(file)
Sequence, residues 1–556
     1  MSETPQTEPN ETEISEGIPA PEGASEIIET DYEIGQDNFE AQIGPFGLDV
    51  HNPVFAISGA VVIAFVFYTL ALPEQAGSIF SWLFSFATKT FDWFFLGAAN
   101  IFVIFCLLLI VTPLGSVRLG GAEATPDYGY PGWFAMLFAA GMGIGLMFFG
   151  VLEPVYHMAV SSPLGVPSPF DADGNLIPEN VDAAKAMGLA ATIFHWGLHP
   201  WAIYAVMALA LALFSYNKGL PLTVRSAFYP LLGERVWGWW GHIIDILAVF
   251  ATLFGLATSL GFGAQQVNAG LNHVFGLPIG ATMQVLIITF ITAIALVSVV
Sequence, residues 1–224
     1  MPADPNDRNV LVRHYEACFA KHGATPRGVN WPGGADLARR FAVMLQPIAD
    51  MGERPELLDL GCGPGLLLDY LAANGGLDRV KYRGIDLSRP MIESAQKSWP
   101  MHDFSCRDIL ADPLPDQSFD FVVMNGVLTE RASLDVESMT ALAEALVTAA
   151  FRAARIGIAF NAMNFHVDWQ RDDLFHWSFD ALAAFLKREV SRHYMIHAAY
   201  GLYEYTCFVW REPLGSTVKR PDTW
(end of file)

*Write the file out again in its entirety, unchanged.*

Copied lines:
Sequence, residues 1–556
     1  MSETPQTEPN ETEISEGIPA PEGASEIIET DYEIGQDNFE AQIGPFGLDV
    51  HNPVFAISGA VVIAFVFYTL ALPEQAGSIF SWLFSFATKT FDWFFLGAAN
   101  IFVIFCLLLI VTPLGSVRLG GAEATPDYGY PGWFAMLFAA GMGIGLMFFG
   151  VLEPVYHMAV SSPLGVPSPF DADGNLIPEN VDAAKAMGLA ATIFHWGLHP
   201  WAIYAVMALA LALFSYNKGL PLTVRSAFYP LLGERVWGWW GHIIDILAVF
   251  ATLFGLATSL GFGAQQVNAG LNHVFGLPIG ATMQVLIITF ITAIALVSVV
Sequence, residues 1–224
     1  MPADPNDRNV LVRHYEACFA KHGATPRGVN WPGGADLARR FAVMLQPIAD
    51  MGERPELLDL GCGPGLLLDY LAANGGLDRV KYRGIDLSRP MIESAQKSWP
   101  MHDFSCRDIL ADPLPDQSFD FVVMNGVLTE RASLDVESMT ALAEALVTAA
   151  FRAARIGIAF NAMNFHVDWQ RDDLFHWSFD ALAAFLKREV SRHYMIHAAY
   201  GLYEYTCFVW REPLGSTVKR PDTW